The simple entry of a confessed judgment is not without effect on the judgment debtor as Blazer seems to suggest. Entry of a judgment allows a judgment creditor to create a lien on the debtor's real estate, and thus encumber the debtor's right to use the property, simply by recording the judgment. Interest on the judgment begins to accrue from the time of its entry rather than the time of its execution. Ill.Rev.Stat., ch. 77, §§ 1 and 7.
Blazer's contention that the Fourteenth Amendment to the United States Constitution requires notice and a hearing before execution on a judgment by confession also focuses on the wrong stage of judicial proceedings. Blazer itself concedes that judgment may be entered without prior notice and a hearing, and as discussed above this constitutes a surrender of valuable rights.
Moreover, while due process may require notice and a hearing before the taking of property prior to entry of a judgment, see Sniadach v. Family Finance Corp., 395 U.S. 337, 89 S.Ct. 1820, 23 L.Ed.2d 349 (1969) and Fuentes v. Shevin, 407 U.S. 67, 92 S.Ct. 1983, 32 L.Ed.2d 556 (1972), it is not at all clear that cognovit clauses which allow entry of a judgment without such notice and hearing are constitutionally invalid per se. In Swarb v. Lennox, 405 U.S. 191, 200, 92 S.Ct. 767, 772, 31 L.Ed.2d 138 (1972), the Supreme Court affirmed a lower court ruling that statutory provisions for execution on confessed judgments after issuance of notice are not facially unconstitutional, provided the debtor has knowingly and voluntarily signed the cognovit clause waiving his right to prejudgment notice and hearing. See also First National Bank in DeKalb v. Keisman, 47 Ill.2d 364, 265 N.E.2d 662 (1970) (cognovit clause not constitutionally invalid on its face). Even if under this case authority Nesbitt were able to challenge the entry of a judgment based upon the cognovit clause in her note, the availability of that course of action would not take Blazer's right to enter such a confessed judgment outside the definition of a security interest for purposes of TILA. Such a challenge would necessarily be post-judgment in nature and thus does not remove the very qualities that make a cognovit clause a security interest. The court concludes that a confession of judgment clause constitutes a security interest for purposes of TILA and must therefore be disclosed.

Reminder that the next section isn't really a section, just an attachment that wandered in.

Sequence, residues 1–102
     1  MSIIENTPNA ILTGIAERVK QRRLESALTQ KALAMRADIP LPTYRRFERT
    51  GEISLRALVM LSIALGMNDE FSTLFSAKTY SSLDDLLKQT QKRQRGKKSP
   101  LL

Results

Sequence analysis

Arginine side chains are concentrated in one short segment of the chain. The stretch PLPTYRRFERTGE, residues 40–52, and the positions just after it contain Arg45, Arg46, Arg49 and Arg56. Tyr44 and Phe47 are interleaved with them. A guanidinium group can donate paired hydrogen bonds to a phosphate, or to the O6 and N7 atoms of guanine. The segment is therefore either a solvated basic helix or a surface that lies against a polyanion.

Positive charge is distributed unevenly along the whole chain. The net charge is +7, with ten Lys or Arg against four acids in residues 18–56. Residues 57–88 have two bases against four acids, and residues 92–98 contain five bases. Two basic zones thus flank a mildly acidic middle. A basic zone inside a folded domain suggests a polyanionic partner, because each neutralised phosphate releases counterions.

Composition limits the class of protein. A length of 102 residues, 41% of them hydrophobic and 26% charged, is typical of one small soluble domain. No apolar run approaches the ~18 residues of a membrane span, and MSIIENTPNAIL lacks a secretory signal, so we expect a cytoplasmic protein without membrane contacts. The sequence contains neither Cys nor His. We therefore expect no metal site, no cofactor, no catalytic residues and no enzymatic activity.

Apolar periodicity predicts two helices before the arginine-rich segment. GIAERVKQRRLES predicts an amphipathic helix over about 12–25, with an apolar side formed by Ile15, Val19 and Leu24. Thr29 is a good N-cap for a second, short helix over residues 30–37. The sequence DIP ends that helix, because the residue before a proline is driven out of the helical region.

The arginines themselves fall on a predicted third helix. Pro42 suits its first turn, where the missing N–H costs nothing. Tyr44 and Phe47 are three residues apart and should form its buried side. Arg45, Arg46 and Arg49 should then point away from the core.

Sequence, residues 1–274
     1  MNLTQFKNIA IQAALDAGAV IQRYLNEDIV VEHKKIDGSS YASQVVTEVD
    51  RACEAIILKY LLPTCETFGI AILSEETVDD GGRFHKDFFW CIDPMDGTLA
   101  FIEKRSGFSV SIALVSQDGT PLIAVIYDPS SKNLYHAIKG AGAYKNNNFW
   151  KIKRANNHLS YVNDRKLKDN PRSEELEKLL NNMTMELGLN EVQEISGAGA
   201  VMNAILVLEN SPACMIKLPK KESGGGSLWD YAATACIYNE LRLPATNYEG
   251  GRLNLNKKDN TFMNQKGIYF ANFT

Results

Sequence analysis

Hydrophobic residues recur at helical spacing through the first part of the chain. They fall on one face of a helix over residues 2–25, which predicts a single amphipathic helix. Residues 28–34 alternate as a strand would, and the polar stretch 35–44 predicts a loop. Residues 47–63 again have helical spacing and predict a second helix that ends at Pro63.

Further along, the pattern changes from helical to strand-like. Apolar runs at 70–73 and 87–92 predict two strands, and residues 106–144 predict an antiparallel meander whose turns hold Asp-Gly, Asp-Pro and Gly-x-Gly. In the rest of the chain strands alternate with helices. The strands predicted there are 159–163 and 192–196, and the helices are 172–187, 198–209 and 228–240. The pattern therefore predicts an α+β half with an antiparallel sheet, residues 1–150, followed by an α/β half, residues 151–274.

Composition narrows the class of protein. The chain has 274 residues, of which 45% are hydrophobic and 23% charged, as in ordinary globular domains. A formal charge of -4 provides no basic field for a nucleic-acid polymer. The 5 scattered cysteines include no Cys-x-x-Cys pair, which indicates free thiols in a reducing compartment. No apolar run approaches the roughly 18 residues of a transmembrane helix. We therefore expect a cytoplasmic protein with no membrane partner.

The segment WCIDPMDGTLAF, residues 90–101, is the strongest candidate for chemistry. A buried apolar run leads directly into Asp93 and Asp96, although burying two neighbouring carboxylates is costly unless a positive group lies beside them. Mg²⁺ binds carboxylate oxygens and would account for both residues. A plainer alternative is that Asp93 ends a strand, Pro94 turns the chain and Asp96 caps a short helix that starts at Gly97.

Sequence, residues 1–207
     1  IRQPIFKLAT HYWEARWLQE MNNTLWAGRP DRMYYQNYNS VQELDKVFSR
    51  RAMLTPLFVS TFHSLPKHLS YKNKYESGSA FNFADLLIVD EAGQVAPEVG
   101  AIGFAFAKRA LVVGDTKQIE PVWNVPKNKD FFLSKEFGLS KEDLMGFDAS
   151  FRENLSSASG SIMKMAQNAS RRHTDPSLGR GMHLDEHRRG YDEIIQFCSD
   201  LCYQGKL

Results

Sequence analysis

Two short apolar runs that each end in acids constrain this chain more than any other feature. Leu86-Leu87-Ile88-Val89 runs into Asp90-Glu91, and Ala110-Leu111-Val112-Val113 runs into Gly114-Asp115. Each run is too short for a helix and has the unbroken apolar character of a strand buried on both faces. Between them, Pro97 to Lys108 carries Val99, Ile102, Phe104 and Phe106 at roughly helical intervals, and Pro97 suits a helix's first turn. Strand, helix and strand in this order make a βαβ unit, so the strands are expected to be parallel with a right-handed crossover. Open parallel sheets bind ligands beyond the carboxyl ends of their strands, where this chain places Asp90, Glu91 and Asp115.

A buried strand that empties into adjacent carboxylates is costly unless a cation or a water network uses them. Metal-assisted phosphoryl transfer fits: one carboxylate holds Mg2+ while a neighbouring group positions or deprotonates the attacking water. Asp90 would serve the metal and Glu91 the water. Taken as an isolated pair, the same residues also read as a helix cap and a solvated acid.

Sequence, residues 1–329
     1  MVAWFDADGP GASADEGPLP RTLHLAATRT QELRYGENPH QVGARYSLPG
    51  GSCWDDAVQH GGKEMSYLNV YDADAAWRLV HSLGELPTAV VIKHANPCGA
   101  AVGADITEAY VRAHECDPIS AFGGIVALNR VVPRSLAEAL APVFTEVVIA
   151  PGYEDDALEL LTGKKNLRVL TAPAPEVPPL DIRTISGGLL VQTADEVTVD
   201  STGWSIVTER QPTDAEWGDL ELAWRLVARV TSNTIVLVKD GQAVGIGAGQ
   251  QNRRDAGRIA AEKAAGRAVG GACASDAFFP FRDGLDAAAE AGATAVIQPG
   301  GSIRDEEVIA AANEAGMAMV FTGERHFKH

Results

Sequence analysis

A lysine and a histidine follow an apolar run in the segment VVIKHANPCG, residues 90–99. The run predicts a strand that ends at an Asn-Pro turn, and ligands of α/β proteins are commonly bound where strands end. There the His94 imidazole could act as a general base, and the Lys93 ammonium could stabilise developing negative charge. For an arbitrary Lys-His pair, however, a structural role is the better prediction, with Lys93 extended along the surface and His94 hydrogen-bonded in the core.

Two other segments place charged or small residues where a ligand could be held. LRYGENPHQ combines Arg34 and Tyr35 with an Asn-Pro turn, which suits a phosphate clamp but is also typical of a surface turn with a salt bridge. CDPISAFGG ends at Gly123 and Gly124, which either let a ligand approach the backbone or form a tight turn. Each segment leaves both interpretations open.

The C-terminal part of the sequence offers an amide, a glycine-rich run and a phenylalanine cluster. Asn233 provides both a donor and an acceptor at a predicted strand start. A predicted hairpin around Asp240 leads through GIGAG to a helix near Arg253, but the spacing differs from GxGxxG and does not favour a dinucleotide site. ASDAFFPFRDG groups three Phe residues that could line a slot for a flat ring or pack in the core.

Since the confession of judgment clause in the Nesbitt note was a security interest for purposes of TILA and Regulation Z, Blazer was also obligated to identify the property subject to the security interest. 12 C.F.R., § 226.8(b)(5). There is no description in Blazer's disclosure statement of the property to which the confession of judgment clause relates. Nesbitt contends — and Blazer does not dispute — that the confession of judgment clause extended to her principal place of residence. Under Regulation Z, 12 C.F.R. § 226.9(b), if a creditor acquires a security interest under a loan agreement in the debtor's residence it must disclose that fact to the debtor and give him notice of his right to rescind the agreement within three days. Blazer failed to make either of these disclosures. Nesbitt is therefore entitled to summary judgment as to liability on her claims that Blazer violated TILA and Regulation Z in failing to describe the security interest created by the confession of judgment clause and the property subject to such security interest, and Nesbitt's right to rescind the agreement.
The Mills disclosure statement, in contrast, expressly waives any lien upon her residence that may arise from the confession of judgment.
B. Mills Claim that Blazer Failed to Describe Adequately the Security Interest Created by the Confession of Judgment Clause and to Disclose that After-Acquired Property Was Subject to Said Security Interest.
The note in the Mills transaction contains a confession of judgment clause identical to that in the Nesbitt note, except for an additional sentence which states, "Creditor irrevocably waives and releases all rights to make a judgment confessed hereon on any real estate which is used or expected to be used as the principal residence of the undersigned." The Mills disclosure statement, unlike the Nesbitt disclosure statement, refers to the confession of judgment clause in the portion of the statement captioned "SECURITY AGREEMENT":
"To secure the payment of the above-described loan and any further advances to the undersigned, Debtor(s) grant(s) a security interest to the Secured Party in the following described property . . . . A confession of judgment which may, upon filing, constitute a lien on all real estate and personal property of Customer(s) pursuant to the laws of the State of Illinois, except real estate which is used or is expected to be used as the principal residence of Customer(s)."